Affiliations: University of Michigan, University of Oregon, University of California, Los Angeles
Keywords: fMRI, health, media, persuasion

Rewarding properties of aggression in the male Syrian hamster Authors: Mario Gil, Mark McDonald, Ngoc-Thao Nguyen, and H. Elliott Albers

Abstract: Conditioned place preference (CPP) is a type of classical conditioning in which an animal develops a preference for a compartment or environment that was previously paired with a rewarding stimulus. We tested the hypothesis that male Syrians hamsters can develop a CPP for aggression. Our CPP paradigm consisted of three phases: (1) initial preference tests (pretests), (2) conditioning, and (3) a final preference test (posttest). For all preference tests, the amount of time spent in each compartment of the CPP apparatus was recorded. The animals used in this study showed a clear initial preference for 1 of the 2 compartments. For the conditioning trials, an individually-housed (experimental) male was paired with a nonaggressive group-housed male (stimulus) in their non-preferred compartment for 10 min. An hour before or after stimulus-paired trials in the non-preferred compartment, experimental males were placed alone in their preferred compartment for 10 min. This procedure occurred daily for 5 consecutive days, and order of placement in the compartments was alternated daily. Preference scores and difference scores were calculated for both (pre and post) preference tests. There were no significant differences between pretest and posttest scores for control animals (n=13). Four of the experimental animals flank marked but didn’t show aggression toward the stimulus males. There was a trend toward an increase in preference scores (p=0.1) and a decrease in the difference scores (p=0.09) following conditioning in these animals. That is, before conditioning the mean preference and difference scores were 0.29 (±0.01) and 324.63 (±21.34), respectively. After conditioning, scores changed to 0.49 (±0.08) and 6.25 (±114.50), respectively. Eleven experimental animals showed low to medium levels of aggression. In these animals, conditioning significantly increased the mean preference score from 0.36 (± 0.02) to 0.50 (±0.05) (p< 0.05), while the mean difference score decreased from 208.55 (±26.17) to 5.55 (±76.82) (p< 0.05). The strongest effect was observed in 6 highly aggressive males, as conditioning significantly increased their mean preference score from 0.34 (±0.04) to 0.56 (±0.04) (p< 0.01), while their mean difference score changed from 240.42 (±54.98) to -86.50 (±68.99) (p< 0.01). Our results demonstrate that the Syrian hamster is an excellent rodent model for the study of the rewarding properties of aggression & social behavior. Our data support the hypothesis that aggression has rewarding properties and suggest that the expression of social dominance in nonaggressive animals may also be rewarding. Supported by NSF Grant IOS-0923301 to HEA.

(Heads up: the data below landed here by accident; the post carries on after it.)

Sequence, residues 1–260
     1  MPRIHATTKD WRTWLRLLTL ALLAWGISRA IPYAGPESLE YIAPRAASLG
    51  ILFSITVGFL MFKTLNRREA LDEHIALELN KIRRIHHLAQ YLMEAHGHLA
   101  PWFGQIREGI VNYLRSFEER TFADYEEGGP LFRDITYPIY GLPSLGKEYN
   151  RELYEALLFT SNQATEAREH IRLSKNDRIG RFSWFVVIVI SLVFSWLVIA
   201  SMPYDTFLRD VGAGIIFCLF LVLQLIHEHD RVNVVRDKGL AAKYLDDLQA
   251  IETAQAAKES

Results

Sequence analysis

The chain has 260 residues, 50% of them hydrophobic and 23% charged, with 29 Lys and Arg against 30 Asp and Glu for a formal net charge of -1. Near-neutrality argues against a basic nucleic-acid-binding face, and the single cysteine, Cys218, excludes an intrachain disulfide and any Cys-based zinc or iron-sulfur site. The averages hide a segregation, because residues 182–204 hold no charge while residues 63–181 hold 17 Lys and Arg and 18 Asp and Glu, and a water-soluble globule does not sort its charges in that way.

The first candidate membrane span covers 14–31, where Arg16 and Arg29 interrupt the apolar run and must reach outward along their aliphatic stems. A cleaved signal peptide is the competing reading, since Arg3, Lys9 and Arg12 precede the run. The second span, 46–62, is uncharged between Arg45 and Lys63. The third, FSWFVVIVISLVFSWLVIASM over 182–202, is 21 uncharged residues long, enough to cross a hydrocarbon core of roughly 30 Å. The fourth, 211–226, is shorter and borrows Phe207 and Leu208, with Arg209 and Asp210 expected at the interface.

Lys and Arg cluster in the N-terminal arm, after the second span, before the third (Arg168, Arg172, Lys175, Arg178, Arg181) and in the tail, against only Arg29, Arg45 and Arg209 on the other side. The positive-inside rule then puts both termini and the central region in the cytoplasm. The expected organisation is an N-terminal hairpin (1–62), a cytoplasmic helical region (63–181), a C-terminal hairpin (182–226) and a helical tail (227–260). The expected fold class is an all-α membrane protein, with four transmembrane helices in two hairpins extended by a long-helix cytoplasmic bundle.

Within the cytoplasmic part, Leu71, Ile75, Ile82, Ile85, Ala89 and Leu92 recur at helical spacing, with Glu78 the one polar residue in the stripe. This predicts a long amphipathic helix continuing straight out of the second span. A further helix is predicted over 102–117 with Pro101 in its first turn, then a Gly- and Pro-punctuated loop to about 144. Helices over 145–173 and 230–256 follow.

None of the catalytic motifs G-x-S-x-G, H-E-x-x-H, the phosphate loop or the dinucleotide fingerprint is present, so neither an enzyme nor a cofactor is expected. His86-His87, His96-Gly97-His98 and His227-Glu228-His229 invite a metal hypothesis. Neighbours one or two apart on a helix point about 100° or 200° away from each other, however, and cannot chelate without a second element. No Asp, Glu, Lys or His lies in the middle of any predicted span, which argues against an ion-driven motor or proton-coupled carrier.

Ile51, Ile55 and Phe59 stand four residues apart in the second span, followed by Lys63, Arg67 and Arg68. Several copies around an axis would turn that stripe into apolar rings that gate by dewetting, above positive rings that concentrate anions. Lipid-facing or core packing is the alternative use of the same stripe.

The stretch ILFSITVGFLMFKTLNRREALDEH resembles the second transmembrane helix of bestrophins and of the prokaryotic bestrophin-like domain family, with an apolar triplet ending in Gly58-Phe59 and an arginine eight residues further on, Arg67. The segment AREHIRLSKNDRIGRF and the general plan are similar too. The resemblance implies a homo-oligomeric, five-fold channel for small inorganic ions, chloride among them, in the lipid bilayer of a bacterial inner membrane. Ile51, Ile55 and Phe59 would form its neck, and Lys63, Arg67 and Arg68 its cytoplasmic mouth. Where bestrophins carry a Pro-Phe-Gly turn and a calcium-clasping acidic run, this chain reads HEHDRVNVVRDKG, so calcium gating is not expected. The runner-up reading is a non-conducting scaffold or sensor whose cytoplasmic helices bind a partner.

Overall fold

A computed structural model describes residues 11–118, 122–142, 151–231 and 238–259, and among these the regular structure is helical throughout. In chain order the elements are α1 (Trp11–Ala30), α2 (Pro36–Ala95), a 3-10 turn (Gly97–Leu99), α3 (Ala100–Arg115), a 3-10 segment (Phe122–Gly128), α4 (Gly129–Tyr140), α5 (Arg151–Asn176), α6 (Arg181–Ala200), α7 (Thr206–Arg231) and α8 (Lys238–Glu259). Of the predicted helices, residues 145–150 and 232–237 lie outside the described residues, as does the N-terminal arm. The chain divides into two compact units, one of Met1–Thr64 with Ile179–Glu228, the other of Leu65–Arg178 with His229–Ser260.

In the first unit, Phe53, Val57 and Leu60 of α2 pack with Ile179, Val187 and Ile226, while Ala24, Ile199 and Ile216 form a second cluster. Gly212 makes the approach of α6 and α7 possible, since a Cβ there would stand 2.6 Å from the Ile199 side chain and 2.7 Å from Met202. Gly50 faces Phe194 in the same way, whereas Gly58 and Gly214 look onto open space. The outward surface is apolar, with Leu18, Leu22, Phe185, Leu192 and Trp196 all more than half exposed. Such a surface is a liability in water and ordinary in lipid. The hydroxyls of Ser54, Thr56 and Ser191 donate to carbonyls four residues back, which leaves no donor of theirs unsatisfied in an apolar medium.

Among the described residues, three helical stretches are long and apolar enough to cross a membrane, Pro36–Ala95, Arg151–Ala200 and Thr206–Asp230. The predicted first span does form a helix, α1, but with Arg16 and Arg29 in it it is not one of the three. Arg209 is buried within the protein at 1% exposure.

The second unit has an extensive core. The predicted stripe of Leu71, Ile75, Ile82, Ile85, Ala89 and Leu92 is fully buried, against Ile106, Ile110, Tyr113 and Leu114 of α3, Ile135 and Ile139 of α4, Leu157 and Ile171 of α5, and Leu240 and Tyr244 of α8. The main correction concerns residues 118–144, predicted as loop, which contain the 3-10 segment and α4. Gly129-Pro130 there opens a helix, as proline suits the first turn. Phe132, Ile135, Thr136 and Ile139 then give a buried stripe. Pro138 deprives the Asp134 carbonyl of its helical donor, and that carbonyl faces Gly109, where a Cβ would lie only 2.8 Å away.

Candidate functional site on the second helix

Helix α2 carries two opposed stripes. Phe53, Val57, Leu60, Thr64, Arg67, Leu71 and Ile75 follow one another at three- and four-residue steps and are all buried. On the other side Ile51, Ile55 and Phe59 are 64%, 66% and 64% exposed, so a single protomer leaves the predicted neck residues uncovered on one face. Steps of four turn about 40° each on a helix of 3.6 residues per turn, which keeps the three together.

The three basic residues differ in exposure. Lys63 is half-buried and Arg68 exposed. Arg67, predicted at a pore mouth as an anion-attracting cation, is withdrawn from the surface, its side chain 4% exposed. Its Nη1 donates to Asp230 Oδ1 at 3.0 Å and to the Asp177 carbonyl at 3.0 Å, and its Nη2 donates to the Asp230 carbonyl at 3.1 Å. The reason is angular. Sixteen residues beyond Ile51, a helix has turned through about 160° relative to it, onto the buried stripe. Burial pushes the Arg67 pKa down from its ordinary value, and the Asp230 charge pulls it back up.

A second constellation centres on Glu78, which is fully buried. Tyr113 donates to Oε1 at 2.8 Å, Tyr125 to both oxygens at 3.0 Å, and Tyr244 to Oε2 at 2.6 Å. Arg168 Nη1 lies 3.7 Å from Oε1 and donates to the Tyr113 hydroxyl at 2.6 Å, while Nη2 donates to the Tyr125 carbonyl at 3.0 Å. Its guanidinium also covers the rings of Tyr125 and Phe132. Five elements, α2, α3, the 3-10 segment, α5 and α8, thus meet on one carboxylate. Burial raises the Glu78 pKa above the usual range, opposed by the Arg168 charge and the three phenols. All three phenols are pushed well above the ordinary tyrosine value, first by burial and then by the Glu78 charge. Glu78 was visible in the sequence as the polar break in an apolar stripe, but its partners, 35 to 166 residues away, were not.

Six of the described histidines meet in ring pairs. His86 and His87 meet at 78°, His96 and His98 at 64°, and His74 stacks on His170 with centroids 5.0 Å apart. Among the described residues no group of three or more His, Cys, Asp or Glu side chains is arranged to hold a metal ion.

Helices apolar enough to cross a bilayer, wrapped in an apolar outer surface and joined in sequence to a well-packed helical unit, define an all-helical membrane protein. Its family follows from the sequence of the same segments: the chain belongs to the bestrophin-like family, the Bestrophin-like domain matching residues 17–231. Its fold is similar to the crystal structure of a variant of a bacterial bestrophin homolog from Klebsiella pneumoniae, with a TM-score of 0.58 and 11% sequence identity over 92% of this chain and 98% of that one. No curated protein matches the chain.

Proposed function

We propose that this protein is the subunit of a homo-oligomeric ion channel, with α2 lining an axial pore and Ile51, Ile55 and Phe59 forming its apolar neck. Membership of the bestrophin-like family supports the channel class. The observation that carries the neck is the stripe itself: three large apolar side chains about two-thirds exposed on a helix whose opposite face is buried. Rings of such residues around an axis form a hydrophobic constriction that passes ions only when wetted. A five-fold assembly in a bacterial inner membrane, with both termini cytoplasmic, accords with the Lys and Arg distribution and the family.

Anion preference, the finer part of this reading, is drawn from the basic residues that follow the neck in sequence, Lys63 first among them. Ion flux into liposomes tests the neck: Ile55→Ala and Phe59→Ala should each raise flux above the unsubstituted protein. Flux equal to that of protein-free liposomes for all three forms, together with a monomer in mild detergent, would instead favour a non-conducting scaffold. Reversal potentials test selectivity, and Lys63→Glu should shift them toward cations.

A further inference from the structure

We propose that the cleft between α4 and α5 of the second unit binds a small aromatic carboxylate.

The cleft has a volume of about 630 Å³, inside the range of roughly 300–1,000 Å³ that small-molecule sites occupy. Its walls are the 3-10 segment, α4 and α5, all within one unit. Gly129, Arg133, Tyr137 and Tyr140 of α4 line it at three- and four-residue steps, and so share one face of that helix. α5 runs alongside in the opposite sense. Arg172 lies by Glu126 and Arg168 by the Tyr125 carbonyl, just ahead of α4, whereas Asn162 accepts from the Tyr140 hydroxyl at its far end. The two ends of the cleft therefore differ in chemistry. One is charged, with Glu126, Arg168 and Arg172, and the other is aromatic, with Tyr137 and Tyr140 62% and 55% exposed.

Affiliations: Center for Behavioral Neuroscience; Neuroscience Institute, Georgia State University, Atlanta, GA USA
Keywords: aggression, social behavior, motivation, hamsters

Child maltreatment, cumulative lifetime stress and amygdala volume
Authors: Jamie Hanson, Moo Chung . Brian Avants, Karen Rudolph, Elizabeth Shirtcliff, James Gee, Richard Davidson, and Seth Pollak